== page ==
An Undervalued Market for TV

Oct 11, 2004  •  Post A Comment

By Sheree R. Curry

Special to TelevisionWeek

Nashville’s 48-county designated market area relies heavily on local advertising because it hasn’t been able to lure national advertisers to spend much more per household in this No. 30 DMA than they do in smaller markets, such as Milwaukee, Las Vegas and Austin, Texas.

Advertisers spend about $124 per household in this city, where about 60 percent of ad revenue is locally derived, according to data compiled by BIA Financial Network and TNS Media/CMR. Compare that spending with similarly ranked Milwaukee (DMA No. 33), where advertisers spend about $194 per household, or far lower-ranked Las Vegas (DMA No. 51) with $303.

“National advertisers don’t see this as a valuable market,” said Dave Carter, area VP and general manager for Comcast Spotlight, Nashville, which sells 98 percent of the market’s cable homes through the 2001-established interconnect. “The broadcasters [in Nashville] undervalue their product, so they sell it inexpensively. As a result, the market doesn’t index well.”

Nashville, with a mere 4.4 percent unemployment rate spread across a 904,000-TV-household population, indexes a 68 in advertiser spending per household, while Las Vegas comes in at 167. The median is 100.

Despite the low cost per thousand, advertising on the three major TV networks still remains out of reach for many local advertisers. That’s good news for cable, which doesn’t see ABC, CBS or NBC as competitors at this level. The Sinclair Broadcast-operated triopoly of Fox affiliate WZTV, WNAB-TV (The WB) and WUXP-TV (UPN), with its high percentage of syndication, is a fierce competitor on the local level, however.

“Our focus has been not only to garner a share of television dollars but to look at the strength of our product and tackle specifically radio and newspaper and outdoor money,” Mr. Carter said. “We see our biggest competitor overall being The Tennessean [newspaper]. They do $110 million [in ad revenue], about as much as the TV stations collectively.”

Nontelevision media capture about 50 percent of the $300 million in total media spending, with the bulk of that going to newspaper, according to TNS Media/CMR.

“When we go talk to an individual restaurant market with one store in a particular part of town, their advertising may only be in a local paper,” Mr. Carter said. “We need to know how we can customize our product to suit their needs.”

Using data from Paper Trends, Comcast will estimate what the client is spending in its print advertising and then recommend to the client how to redesign and reposition the print advertising to save money, while still maintaining a decent amount of exposure. Comcast will then help the client put those savings into cable television advertising.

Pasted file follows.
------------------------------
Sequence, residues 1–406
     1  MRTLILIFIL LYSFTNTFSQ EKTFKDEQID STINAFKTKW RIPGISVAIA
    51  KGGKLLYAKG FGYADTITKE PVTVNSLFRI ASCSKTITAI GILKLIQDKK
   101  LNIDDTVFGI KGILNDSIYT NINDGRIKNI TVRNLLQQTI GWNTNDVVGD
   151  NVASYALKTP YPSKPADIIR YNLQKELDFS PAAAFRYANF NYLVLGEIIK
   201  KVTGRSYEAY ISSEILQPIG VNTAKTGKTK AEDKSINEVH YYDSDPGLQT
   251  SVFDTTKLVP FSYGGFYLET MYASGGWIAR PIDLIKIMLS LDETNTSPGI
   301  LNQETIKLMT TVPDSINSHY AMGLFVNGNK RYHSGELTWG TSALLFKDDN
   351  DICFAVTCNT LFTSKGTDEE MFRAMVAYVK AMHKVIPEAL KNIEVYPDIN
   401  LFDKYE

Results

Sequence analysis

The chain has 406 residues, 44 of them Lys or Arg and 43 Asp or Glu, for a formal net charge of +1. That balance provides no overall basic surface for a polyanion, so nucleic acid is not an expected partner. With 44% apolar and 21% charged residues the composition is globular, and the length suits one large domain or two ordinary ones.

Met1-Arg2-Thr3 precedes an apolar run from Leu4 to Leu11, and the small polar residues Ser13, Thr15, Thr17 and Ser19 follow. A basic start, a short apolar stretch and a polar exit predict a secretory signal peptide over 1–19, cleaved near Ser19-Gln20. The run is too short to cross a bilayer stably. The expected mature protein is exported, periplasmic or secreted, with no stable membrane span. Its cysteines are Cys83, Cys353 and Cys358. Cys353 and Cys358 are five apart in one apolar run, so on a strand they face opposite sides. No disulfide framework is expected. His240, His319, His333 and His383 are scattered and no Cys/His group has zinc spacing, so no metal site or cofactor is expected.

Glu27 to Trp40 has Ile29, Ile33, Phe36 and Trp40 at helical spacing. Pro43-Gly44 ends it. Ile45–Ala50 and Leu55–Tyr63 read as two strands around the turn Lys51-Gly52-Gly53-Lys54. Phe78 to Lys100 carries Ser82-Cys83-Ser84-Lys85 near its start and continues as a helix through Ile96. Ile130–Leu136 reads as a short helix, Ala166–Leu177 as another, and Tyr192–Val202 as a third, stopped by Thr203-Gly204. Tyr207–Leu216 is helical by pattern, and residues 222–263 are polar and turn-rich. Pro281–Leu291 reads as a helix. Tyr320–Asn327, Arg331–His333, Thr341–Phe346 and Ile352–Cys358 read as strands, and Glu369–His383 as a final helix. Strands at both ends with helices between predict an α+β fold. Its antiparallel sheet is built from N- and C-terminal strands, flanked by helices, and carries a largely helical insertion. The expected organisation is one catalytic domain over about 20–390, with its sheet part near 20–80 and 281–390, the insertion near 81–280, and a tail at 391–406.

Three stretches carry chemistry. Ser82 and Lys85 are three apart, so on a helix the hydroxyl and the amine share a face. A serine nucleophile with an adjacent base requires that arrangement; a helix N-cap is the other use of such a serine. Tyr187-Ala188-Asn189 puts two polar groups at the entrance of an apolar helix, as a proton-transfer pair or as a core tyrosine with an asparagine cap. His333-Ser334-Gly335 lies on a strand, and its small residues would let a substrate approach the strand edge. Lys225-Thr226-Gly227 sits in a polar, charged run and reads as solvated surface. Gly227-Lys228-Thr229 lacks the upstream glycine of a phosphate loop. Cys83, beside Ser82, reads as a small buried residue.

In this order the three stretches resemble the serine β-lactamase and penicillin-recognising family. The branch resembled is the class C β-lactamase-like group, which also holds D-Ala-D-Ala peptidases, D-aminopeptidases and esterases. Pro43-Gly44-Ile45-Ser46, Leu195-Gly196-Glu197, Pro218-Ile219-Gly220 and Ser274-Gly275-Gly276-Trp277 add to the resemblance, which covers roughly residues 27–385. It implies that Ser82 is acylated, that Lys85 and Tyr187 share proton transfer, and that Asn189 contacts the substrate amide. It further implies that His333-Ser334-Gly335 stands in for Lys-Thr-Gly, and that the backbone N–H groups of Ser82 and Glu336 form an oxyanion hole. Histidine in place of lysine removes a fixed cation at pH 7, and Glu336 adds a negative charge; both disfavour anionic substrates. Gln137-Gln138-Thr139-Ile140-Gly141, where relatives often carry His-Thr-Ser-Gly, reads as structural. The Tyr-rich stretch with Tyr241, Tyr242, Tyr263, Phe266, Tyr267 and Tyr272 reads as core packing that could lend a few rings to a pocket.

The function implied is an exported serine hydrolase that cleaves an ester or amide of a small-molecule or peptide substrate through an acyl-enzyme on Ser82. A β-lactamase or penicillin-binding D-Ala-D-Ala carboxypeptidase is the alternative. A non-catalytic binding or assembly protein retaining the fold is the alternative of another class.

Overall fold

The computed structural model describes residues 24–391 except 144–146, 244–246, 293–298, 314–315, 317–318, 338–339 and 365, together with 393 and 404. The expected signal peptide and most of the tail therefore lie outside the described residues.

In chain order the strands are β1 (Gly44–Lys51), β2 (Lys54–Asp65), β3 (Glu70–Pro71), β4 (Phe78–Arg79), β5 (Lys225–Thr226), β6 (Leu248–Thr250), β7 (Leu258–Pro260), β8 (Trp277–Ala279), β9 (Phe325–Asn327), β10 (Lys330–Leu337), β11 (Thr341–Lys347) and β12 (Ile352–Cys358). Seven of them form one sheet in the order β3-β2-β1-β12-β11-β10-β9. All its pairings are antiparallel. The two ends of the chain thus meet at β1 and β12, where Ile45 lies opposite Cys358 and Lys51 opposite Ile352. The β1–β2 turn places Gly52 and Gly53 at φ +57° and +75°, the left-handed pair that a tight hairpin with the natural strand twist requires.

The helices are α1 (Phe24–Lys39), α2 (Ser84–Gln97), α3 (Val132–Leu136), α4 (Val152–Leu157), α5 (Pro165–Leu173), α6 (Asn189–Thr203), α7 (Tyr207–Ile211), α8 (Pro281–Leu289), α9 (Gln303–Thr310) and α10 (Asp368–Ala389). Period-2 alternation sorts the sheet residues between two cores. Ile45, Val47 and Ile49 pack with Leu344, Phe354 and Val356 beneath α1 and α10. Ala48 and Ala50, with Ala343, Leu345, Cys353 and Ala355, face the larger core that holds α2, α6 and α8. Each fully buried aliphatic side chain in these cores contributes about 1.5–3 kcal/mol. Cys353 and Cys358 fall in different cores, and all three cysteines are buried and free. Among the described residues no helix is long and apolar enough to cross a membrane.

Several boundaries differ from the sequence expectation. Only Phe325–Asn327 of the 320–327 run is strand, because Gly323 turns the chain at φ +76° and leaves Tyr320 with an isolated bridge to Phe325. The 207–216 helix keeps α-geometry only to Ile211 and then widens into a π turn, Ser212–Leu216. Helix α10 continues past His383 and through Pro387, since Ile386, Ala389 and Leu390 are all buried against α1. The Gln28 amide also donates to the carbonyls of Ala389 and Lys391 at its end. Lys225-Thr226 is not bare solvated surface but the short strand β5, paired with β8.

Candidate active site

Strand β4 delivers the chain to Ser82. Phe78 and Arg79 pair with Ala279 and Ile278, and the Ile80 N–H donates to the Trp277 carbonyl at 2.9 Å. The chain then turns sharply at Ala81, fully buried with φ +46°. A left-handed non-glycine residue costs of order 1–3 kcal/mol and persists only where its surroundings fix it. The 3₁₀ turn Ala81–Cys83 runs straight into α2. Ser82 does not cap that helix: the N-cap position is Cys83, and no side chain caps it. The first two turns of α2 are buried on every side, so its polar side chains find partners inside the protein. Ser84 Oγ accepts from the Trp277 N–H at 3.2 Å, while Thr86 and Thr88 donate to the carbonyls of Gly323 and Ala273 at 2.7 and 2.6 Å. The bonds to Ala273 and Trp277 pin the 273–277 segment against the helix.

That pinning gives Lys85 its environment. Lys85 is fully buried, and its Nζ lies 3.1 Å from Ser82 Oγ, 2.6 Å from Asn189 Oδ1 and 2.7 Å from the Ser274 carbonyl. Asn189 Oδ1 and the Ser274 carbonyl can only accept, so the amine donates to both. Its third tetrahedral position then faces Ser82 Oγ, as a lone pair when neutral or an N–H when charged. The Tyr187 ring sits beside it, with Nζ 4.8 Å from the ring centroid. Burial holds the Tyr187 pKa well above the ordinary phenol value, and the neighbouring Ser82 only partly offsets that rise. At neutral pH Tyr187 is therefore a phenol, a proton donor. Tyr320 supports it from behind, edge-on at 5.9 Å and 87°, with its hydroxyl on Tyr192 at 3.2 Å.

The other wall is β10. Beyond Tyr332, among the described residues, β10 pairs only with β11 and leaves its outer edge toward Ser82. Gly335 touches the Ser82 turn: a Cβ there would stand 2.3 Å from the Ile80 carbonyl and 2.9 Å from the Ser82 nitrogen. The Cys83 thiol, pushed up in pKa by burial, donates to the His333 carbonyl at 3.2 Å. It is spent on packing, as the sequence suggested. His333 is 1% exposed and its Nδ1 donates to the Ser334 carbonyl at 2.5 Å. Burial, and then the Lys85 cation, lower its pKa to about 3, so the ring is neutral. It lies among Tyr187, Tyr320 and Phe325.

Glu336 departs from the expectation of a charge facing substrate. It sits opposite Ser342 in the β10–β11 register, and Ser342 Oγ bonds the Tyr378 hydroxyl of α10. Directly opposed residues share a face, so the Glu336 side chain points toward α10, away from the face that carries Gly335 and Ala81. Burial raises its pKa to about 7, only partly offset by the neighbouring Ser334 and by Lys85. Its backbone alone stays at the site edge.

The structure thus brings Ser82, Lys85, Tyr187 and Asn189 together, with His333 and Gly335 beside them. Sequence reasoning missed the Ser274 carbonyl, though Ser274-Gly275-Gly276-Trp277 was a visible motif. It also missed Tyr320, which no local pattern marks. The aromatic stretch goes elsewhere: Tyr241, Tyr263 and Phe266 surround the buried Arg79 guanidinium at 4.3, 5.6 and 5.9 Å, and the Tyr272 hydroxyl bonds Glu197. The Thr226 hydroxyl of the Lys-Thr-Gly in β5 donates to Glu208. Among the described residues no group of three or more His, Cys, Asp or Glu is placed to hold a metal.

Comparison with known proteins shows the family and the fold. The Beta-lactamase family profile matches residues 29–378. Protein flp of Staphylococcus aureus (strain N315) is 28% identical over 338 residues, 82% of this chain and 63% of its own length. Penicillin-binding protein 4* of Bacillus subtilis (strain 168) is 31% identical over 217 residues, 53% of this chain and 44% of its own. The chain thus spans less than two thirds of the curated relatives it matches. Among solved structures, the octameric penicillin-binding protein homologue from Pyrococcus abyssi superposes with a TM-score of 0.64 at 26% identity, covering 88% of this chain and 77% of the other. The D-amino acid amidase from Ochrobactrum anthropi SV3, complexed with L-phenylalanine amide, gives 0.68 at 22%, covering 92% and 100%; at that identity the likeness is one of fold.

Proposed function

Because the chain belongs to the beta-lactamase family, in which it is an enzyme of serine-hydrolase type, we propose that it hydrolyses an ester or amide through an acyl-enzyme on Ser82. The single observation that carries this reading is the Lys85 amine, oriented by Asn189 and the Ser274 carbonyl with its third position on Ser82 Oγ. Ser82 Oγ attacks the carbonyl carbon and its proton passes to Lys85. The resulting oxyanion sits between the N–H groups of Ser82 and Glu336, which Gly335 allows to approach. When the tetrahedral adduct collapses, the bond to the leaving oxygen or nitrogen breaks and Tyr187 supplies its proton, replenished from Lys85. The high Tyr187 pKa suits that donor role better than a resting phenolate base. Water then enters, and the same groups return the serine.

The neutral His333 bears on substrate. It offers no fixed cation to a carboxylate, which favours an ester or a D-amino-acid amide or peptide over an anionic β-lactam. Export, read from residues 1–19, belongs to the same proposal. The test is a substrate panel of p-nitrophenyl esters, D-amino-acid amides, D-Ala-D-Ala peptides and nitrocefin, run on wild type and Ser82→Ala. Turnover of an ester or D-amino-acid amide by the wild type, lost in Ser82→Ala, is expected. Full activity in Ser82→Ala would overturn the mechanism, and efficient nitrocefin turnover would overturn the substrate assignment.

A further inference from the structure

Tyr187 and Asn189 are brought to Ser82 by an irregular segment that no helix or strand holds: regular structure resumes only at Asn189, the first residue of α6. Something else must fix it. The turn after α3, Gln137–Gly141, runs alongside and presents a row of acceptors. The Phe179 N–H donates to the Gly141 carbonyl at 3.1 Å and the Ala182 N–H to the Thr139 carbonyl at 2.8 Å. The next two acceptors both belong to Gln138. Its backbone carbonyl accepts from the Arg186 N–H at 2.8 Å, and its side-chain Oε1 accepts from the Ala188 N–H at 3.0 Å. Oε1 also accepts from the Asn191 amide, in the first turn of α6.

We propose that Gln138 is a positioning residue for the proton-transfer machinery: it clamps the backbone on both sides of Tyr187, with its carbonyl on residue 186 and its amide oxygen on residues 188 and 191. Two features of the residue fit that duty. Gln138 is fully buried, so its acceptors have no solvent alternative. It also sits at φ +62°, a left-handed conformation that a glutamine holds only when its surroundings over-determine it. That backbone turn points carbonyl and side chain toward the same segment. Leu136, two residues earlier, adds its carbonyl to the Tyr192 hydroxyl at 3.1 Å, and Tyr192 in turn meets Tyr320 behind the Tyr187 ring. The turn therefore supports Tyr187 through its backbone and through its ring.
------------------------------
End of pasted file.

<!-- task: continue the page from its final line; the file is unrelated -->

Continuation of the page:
“We are not looking to pull them out of the paper. Everything we are trying to do is solution-oriented and justifiable,” Mr. Carter said.

Cable’s ad revenue will be up 25 percent this year over 2003, he said, while total media revenue is on track to be up 10 percent. He expects about 10 percent cable growth next year.

Jamie Dunham, executive VP of Bohan Advertising/Marketing, Nashville, said she buys cable for her clients, such as HCA Hospitals, because of Comcast’s ability to target specific customers geographically and through certain networks, but also because of the platform’s flexibility.

“Comcast has worked with us to put together three-minute segments. It would be way too expensive to do that on broadcast,” she said.

Mr. Carter said much of Comcast Spotlight’s success is due to the hard work of Area Marketing Director Leigh Farrow, whom he hired away from Hardee’s at the end of 2000. “We do a lot of customized promotions,” Mr. Carter said, “and Leigh brings in a certain knowledge, especially in QSRs-quick service restaurants.”

One promotion led by Ms. Farrow partnered 60 local Hardee’s restaurants with the Tunica Convention and Visitors Bureau, a regional advertiser promoting the casinos of Tunica, a northern Mississippi town.

Hardee’s was a good partner because its demographics mirror those of the casinos, Mr. Carter said. It is primarily blue-collar, and it skews to a 35-plus crowd, not being as child-oriented as McDonald’s. The register-to-win contest offered the winner a three-day expense-paid trip to Tunica.

“Since 70 percent of Hardee’s business is by drive-through, Leigh had the foresight to put see-through plastic covers on the ordering box that said `Register to win a weekend trip to Tunica when you get to the window.’ At the window there was a tear-off pad. In a period of less than 10 weeks we had over 10,000 entries,” Mr. Carter said.